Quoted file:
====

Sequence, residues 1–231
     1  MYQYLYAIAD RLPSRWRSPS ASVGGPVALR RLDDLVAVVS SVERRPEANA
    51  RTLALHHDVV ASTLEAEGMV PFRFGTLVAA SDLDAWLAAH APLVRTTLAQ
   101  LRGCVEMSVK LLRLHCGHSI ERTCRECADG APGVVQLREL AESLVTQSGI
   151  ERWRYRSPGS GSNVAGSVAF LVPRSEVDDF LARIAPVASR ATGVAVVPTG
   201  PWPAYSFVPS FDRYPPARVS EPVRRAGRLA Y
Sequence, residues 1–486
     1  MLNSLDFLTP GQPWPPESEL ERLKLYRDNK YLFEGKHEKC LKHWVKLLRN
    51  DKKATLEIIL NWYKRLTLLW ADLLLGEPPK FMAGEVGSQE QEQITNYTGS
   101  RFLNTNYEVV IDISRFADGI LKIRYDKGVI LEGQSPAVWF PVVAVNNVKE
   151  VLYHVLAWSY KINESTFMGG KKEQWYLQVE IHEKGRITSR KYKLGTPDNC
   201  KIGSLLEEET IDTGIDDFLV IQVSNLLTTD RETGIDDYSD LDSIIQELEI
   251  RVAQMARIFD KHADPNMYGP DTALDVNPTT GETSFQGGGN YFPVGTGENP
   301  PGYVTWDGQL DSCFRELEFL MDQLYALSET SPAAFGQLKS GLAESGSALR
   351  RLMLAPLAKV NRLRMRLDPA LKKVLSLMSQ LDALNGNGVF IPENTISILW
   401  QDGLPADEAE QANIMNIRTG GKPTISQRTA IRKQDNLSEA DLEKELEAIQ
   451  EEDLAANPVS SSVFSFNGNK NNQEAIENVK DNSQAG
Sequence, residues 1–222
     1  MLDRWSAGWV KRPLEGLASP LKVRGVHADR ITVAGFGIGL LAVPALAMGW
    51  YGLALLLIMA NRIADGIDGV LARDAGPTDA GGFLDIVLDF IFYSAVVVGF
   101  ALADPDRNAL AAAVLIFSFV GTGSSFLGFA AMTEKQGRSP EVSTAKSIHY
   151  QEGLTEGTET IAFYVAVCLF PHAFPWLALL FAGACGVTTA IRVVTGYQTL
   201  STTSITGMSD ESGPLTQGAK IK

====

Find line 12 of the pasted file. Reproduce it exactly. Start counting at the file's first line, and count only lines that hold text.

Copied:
   201  KIGSLLEEET IDTGIDDFLV IQVSNLLTTD RETGIDDYSD LDSIIQELEI